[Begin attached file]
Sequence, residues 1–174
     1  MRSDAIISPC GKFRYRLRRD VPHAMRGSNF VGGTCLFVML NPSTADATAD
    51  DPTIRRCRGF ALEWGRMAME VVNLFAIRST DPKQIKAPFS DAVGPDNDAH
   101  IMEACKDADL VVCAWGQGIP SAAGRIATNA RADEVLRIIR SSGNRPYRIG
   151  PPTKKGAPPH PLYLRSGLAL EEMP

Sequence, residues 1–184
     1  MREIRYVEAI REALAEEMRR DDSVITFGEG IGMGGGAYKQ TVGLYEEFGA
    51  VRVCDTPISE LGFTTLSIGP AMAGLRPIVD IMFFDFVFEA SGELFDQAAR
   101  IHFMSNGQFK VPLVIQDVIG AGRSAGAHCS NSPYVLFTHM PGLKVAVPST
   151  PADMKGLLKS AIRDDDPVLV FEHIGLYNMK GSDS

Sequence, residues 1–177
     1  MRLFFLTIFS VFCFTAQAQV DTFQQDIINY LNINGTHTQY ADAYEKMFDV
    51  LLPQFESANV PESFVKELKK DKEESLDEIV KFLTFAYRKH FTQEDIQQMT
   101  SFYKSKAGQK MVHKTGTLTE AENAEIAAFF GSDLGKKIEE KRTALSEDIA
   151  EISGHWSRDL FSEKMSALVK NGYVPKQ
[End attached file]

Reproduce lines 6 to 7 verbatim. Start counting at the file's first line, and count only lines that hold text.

Sequence, residues 1–184
     1  MREIRYVEAI REALAEEMRR DDSVITFGEG IGMGGGAYKQ TVGLYEEFGA